Kaspersky discoveres new and unknown Trojan, most likely linked to LuckyMouse Chinese group

Aurel Dragan 11/09/2018 | 14:44

Kaspersky Lab has discovered some cases of infection with an unknown Trojan, which is most likely linked to the LuckyMouse Chinese language group. This malware is noted by the fact that its driver is signed with a legitimate digital certificate issued by a company that develops information security software.

The LuckyMouse Group is known for its carefully targeted cyber attacks on large entities around the world. Group activity poses a threat to all regions, including Southeast and Central Asia, because their attacks seem to have a political motivation. Judging by the victim’s profile and the previous attack vectors of the group, Kaspersky Lab researchers believe it is possible that the trojan they detected was used for cyber-spying at state level.

Trojan discovered by experts Kaspersky Lab infected one of the target computers with an attacker-built driver. This allowed them to perform all common tasks, such as executing commands, downloading and uploading files, and intercepting network traffic.

The driver has proven to be the most exciting part of this campaign. To be credible, the group apparently stole a digital certificate belonging to an information security software developer and used it to sign samples of malware. This was done in an attempt to avoid detection by security solutions, since a legitimate signature makes malware seem legal software.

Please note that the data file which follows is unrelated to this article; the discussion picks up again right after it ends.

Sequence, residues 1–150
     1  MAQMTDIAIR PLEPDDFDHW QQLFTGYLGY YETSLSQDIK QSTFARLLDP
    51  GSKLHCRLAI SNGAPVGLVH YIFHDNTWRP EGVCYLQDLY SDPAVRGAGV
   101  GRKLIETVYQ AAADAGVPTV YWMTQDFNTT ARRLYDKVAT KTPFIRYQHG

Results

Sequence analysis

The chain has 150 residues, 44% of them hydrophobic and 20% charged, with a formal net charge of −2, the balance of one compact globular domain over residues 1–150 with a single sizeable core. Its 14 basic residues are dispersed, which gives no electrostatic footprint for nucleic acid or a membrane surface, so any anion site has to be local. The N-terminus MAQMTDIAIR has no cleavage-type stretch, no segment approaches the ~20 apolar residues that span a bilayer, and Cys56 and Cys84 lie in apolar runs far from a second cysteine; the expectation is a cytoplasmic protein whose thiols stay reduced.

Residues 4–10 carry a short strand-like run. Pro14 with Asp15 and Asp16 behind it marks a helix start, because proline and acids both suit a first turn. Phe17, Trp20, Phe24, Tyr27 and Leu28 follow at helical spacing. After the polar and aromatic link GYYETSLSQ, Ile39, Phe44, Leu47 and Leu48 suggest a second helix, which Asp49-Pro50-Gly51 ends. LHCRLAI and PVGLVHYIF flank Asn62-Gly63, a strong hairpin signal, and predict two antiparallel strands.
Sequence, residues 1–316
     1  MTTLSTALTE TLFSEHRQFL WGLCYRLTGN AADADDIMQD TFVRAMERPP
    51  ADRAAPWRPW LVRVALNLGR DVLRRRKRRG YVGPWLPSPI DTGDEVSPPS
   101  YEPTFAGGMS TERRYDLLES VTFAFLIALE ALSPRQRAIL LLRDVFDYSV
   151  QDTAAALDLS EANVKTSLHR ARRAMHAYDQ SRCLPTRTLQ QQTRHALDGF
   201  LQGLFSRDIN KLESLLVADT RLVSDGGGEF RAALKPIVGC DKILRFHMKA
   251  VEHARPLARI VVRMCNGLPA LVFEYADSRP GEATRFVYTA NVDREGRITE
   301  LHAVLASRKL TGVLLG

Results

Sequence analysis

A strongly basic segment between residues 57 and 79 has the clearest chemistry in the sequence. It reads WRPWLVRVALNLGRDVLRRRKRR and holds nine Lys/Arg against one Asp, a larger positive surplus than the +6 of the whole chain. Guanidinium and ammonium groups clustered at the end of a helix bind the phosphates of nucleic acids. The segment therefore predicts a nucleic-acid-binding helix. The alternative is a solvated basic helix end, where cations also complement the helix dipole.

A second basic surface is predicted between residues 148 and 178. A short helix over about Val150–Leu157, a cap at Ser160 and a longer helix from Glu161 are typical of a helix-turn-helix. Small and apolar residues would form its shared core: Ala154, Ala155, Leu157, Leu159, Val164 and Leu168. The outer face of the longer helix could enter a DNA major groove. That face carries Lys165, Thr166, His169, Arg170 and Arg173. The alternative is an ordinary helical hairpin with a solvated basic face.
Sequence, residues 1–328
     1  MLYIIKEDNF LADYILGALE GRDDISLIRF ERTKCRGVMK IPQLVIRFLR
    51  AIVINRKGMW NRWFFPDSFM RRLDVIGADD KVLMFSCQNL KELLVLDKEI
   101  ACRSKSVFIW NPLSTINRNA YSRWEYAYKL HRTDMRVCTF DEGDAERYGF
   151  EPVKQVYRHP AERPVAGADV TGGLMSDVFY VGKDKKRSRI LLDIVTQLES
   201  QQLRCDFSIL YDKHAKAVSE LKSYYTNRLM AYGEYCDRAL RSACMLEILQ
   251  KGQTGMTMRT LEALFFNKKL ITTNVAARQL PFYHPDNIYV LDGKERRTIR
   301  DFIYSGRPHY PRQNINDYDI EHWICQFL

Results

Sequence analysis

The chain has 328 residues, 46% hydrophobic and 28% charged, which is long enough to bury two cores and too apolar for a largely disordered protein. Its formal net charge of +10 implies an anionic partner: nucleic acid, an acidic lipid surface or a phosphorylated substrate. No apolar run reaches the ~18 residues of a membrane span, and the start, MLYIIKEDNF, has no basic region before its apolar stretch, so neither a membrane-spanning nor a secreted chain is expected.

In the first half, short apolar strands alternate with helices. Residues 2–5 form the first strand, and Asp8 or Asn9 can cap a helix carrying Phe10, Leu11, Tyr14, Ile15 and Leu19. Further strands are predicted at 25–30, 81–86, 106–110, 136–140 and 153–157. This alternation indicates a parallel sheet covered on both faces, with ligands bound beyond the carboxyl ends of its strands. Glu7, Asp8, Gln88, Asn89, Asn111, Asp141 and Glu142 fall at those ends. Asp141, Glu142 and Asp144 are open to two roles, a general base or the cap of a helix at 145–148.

Another thing worth mentioning about the driver is that, despite LuckyMouse’s ability to create its own malware, the attack software seems to be a combination of code samples available in public resources and custom malware. Using ready-made third-party code, instead of writing original code, helps developers save time and make assignment more difficult.

“When a new LuckyMouse campaign occurs, it is almost always an important political event and the moment of the attack usually precedes world leaders’ summits,” said Denis Legezo, security researcher at Kaspersky Lab. “The group does not do too much assignment issues, because now its members use external code samples in their program and have time to develop a new version of malware without being traced to it.”

Kaspersky Lab has also made public a report on the LuckyMouse group, which attacked a national data center to organize a waterhole campaign.

How to protect yourself:

  • Do not automatically trust the code running on your own systems. Digital certificates do not guarantee the absence of any backdoor.
  • Use an effective security solution, equipped with behavioral detection technologies that allow detection of unknown threats up to that point.
  • Sign up your security team to a good threat information service so you can learn in advance about the latest tactics, techniques and procedures of complex attacker groups.
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Aurel Dragan | 29/11/2022 | 10:17

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